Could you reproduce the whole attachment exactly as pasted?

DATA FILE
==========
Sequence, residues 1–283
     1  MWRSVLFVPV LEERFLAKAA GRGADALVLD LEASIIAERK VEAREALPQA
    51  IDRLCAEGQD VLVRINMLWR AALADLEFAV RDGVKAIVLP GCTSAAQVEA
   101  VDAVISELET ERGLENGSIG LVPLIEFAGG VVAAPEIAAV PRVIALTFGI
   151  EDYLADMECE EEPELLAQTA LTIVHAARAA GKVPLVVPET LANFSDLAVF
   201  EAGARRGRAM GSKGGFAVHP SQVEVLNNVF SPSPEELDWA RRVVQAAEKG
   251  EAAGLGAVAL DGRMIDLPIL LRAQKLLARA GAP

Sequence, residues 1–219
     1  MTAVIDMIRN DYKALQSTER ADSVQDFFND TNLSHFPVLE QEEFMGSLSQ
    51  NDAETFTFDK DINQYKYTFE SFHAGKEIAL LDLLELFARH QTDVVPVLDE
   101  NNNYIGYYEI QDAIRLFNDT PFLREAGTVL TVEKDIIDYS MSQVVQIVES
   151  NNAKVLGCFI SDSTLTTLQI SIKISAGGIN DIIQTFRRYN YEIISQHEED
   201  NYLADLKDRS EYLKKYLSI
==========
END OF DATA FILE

Sequence, residues 1–283
     1  MWRSVLFVPV LEERFLAKAA GRGADALVLD LEASIIAERK VEAREALPQA
    51  IDRLCAEGQD VLVRINMLWR AALADLEFAV RDGVKAIVLP GCTSAAQVEA
   101  VDAVISELET ERGLENGSIG LVPLIEFAGG VVAAPEIAAV PRVIALTFGI
   151  EDYLADMECE EEPELLAQTA LTIVHAARAA GKVPLVVPET LANFSDLAVF
   201  EAGARRGRAM GSKGGFAVHP SQVEVLNNVF SPSPEELDWA RRVVQAAEKG
   251  EAAGLGAVAL DGRMIDLPIL LRAQKLLARA GAP

Sequence, residues 1–219
     1  MTAVIDMIRN DYKALQSTER ADSVQDFFND TNLSHFPVLE QEEFMGSLSQ
    51  NDAETFTFDK DINQYKYTFE SFHAGKEIAL LDLLELFARH QTDVVPVLDE
   101  NNNYIGYYEI QDAIRLFNDT PFLREAGTVL TVEKDIIDYS MSQVVQIVES
   151  NNAKVLGCFI SDSTLTTLQI SIKISAGGIN DIIQTFRRYN YEIISQHEED
   201  NYLADLKDRS EYLKKYLSI